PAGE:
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Back to May Ed Reporter

Education Reporter
Number 136 EDUCATION REPORTER May 1997

Title I Fails to Deliver

WASHINGTON, DC - The final report of a five-year, $29 million study has concluded that Title I, the federal government's largest K-12 education program, has failed to close the gap between low-achieving students and their peers. It is the largest longitudinal study conducted of Title I since its start in 1965. Title I costs taxpayers $7.2 billion per year.

The study, called "Prospects," monitored the academic progress of 40,000 students over four years who received remedial education under the federal Title I program, formerly known as Chapter 1. In 1991, researchers began tracking students in grades 1, 3, and 7 and tested them each year until 1994.

The students have continued to trail behind their classmates despite the extra help in reading and math. As in the 1993 preliminary findings, the final report shows that the program did nothing to help close the achievement gap that existed before entering the program. In fact, the gap "increased slightly" between students in high-poverty and low-poverty schools.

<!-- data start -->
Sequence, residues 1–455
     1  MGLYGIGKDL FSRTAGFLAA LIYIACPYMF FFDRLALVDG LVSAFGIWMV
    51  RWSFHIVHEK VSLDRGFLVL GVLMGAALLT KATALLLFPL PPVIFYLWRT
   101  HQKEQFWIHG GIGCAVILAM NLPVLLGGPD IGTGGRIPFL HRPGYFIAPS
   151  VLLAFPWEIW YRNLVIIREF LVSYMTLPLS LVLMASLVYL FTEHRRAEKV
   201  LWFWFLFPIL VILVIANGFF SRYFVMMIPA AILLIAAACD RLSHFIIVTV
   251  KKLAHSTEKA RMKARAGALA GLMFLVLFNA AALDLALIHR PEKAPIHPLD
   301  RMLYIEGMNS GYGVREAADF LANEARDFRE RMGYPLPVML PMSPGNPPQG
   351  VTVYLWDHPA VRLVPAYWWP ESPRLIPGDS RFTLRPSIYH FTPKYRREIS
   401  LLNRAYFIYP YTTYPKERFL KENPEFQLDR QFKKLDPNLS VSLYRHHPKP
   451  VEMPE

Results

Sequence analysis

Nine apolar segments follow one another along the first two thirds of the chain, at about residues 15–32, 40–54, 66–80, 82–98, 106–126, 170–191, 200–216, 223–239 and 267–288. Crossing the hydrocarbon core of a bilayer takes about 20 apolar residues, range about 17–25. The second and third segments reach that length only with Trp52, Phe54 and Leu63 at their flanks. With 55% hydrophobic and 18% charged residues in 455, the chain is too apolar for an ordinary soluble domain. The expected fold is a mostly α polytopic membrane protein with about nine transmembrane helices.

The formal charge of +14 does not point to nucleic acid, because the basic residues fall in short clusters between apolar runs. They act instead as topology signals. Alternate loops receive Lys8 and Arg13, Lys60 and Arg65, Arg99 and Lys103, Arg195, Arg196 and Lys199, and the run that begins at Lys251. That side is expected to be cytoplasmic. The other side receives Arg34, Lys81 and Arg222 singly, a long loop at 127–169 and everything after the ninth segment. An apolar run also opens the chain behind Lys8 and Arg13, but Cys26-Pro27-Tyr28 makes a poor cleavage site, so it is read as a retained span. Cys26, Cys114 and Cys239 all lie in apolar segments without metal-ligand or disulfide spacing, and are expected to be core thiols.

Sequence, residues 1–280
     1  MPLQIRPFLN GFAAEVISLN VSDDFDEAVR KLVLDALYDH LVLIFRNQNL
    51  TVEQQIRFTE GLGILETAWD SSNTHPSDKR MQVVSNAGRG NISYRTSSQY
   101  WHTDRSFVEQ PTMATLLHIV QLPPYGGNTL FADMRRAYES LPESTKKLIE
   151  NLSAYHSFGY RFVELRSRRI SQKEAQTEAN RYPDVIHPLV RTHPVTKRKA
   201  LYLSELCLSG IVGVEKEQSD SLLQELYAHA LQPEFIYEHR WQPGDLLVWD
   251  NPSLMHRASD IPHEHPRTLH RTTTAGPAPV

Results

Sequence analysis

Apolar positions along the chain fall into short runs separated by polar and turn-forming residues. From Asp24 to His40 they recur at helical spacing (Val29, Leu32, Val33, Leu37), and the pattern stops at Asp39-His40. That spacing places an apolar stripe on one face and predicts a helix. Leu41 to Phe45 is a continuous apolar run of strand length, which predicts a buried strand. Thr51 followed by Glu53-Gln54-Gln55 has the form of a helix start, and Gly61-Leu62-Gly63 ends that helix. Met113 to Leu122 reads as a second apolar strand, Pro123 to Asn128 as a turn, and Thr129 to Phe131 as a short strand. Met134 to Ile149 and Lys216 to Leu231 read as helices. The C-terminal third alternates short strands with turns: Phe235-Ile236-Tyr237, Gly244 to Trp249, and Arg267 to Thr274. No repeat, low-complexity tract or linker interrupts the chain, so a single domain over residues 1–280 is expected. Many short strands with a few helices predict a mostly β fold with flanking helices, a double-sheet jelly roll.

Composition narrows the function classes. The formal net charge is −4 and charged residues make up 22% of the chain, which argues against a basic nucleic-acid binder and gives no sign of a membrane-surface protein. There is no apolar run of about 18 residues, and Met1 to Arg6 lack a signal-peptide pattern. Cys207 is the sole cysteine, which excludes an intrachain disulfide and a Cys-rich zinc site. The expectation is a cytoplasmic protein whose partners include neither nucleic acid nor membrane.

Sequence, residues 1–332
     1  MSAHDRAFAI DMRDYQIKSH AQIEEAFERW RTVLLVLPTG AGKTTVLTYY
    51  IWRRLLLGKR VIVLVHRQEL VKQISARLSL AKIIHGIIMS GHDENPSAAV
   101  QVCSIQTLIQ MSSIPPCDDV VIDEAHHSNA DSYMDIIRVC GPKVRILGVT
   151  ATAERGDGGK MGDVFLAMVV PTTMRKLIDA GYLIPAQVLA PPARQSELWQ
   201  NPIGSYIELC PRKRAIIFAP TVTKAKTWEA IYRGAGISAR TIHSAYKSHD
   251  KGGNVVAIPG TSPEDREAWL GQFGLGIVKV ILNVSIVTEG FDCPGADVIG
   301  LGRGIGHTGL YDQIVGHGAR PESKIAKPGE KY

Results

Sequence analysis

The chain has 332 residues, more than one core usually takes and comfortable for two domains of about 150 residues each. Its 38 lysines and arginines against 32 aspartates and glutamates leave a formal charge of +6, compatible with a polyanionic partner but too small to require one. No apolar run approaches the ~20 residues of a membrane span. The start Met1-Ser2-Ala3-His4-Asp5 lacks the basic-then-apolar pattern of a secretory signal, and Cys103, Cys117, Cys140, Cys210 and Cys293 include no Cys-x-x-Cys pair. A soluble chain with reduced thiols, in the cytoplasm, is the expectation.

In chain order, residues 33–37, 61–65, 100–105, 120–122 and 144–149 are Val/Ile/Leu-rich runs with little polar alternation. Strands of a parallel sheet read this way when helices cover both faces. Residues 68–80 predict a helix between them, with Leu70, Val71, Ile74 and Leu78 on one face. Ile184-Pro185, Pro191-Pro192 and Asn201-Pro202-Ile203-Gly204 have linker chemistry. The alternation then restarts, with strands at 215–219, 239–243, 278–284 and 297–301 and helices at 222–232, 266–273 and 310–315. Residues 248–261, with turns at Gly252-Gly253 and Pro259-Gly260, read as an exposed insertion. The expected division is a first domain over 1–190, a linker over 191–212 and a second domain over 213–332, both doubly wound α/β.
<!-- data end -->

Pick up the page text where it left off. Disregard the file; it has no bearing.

"The way the old Chapter 1 program was organized was not a sufficiently strong intervention to close the gap," says the report summary. "The study does not tell us, however, why this occurred. For example, it may be that the presence of Chapter 1 was the reason that students grew at comparable rates and that without Chapter 1 the gap would have widened more."

Despite similar preliminary findings three years ago, Congress reauthorized the program in 1993, utilizing the early data to rewrite the program and remove its concentration on remedial instruction. The revised Title I theoretically requires schools to raise standards for students in disadvantaged schools and give all students the opportunity to meet those standards.

However, while the revision increased the scope of the program, it did not require educators to follow learning methods with a proven track record. Currently, Title I lets grant recipients use whatever methods they desire, even if there is no evidence they are effective.

"It's been a federal subsidy of K-12 education," said Chester Finn Jr., a senior fellow at the Indianapolis-based Hudson Institute. "It has not been an effective compensatory-education program for low-income kids."

Title I advocates downplay the study's findings, reasoning that the 1994 overhaul has not had a chance to take effect.

The Education Department released the final version of "Prospects" after delivering copies to Congress on April 4. Some leading Republican Congressmen appear to want to give the program more time to show better-than-mediocre results.

The Education Department has awarded a contract for another five-year evaluation that will focus on the effectiveness of school reforms rather than individual improvement.


 
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